Marrow cream

About this time last year I posted about uses of marrows. This year I’m revisiting one of the less hopeful sounding ideas – Marrow cream. I just want to tell you how good marrow cream is and how undeserving of such an unappealing name. I mean, if someone were to say to you ‘would you like some of our home made marrow cream on your toast’ how would you respond?

Now if I were to say, ‘would you like some of our home made lemon curd’, wouldn’t that sound better? This stuff is as good as lemon curd (slight less rich than the home made stuff) but just as tasty. It lasts a long time in the dresser – as regular eagle eyed readers may have noticed. We’ve only just finished off the last of last year’s supply.

So I thought I’d share the process. It’s super simple but does need to be started one day and finished the next.
1. Take about 4lb of cubed, skinned de-seeded marrow (that’s one marrow, on the largish but not out of control side) and steam it until it is tender. Leave it to drain overnight.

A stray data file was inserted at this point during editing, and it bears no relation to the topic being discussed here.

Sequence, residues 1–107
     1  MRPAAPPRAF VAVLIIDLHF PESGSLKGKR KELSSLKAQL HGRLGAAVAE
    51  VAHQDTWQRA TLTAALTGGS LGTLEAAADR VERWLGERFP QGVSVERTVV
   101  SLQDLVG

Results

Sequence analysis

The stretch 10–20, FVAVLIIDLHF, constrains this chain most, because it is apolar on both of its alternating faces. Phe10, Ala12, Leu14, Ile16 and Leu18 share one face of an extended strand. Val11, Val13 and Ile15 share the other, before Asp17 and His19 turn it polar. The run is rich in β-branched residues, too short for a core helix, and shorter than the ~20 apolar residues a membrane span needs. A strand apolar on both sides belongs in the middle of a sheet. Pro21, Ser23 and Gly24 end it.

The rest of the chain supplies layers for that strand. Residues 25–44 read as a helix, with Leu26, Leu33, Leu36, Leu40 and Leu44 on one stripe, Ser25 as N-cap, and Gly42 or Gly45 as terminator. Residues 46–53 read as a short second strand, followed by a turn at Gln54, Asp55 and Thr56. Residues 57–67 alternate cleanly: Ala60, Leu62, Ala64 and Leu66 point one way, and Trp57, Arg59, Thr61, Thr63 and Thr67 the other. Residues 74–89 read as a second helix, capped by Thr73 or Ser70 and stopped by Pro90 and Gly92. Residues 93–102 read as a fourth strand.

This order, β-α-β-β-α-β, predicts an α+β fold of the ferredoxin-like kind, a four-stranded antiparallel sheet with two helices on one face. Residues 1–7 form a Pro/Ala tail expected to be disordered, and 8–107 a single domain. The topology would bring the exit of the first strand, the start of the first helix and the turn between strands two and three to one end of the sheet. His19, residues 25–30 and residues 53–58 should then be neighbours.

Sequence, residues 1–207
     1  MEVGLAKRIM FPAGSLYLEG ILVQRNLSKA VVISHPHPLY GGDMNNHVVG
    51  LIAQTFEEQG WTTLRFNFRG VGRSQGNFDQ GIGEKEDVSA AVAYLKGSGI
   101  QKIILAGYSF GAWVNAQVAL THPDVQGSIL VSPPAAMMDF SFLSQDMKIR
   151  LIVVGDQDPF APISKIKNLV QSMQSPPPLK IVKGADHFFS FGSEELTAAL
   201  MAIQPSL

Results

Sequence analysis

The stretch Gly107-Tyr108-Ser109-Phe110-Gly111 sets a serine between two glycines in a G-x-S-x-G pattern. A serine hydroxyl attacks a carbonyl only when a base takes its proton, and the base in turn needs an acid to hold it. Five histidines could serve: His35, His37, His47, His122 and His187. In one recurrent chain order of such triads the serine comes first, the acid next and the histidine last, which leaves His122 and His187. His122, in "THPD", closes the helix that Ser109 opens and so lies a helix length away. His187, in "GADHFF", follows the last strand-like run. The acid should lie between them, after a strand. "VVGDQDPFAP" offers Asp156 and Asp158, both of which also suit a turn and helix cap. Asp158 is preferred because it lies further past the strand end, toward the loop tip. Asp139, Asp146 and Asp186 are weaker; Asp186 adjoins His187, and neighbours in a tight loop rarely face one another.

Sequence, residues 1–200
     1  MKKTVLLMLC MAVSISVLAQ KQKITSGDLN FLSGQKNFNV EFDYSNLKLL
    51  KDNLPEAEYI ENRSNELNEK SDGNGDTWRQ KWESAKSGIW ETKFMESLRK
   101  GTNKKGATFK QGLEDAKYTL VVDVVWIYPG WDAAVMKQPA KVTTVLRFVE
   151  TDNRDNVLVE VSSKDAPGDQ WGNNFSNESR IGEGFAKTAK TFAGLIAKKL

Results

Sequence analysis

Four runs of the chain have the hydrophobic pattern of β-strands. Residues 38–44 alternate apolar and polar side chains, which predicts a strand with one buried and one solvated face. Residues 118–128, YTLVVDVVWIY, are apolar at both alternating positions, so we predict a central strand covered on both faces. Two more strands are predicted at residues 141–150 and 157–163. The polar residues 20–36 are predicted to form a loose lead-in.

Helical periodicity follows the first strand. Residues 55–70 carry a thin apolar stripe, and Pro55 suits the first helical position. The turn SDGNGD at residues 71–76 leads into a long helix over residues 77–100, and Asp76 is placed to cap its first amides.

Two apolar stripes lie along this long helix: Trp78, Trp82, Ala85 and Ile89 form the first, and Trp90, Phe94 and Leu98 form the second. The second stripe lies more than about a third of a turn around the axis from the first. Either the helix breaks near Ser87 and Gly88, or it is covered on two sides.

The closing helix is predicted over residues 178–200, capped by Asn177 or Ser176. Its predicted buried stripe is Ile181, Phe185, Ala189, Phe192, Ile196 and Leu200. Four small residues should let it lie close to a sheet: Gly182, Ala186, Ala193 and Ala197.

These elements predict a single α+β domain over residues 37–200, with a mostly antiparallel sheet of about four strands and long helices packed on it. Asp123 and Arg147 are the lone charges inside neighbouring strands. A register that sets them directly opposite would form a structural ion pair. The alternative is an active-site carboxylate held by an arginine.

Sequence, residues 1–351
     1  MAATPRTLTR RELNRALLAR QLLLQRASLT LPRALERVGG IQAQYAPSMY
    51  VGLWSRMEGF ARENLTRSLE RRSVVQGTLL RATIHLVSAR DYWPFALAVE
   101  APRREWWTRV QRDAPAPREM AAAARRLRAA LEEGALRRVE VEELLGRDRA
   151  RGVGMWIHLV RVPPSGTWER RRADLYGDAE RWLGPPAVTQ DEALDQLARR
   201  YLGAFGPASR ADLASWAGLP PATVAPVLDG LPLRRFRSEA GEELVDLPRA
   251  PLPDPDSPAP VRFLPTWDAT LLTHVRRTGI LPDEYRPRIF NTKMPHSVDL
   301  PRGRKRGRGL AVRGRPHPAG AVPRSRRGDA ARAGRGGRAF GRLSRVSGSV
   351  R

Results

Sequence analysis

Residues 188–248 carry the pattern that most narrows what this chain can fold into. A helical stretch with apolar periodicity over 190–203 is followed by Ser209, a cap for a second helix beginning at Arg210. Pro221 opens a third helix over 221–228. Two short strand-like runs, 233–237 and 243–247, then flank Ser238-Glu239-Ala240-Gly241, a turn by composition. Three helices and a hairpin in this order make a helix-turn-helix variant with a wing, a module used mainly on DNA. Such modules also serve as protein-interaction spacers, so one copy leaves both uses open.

On day 2 take the cubed marrow and put it into a preserving pan (we find an old heavy pressure cooker with the lid left off works fine)

marrow cream in the makingNow mash it up as well as you can.  This is going to form the bulk of your marrow cream so the fewer bumps the better.

Add to this the tasty bits – the zest and juice of 6 lemons (organic ones are less likely to be waxed, and who wants waxy marrow cream?), 3 1/2 pounds of granulated white sugar and 1/2 pound of butter.  Boil this for 20 minutes, stirring regularly.

marrow creamYou’re done!  Just spoon into sterilised jars and quickly cover with a wax disc and lid.

This stuff is good on toast and replaces lemon curd in pretty much any recipe but will keep for months longer.

It looks like it tastes, lemon curdylike but a bit fresher.

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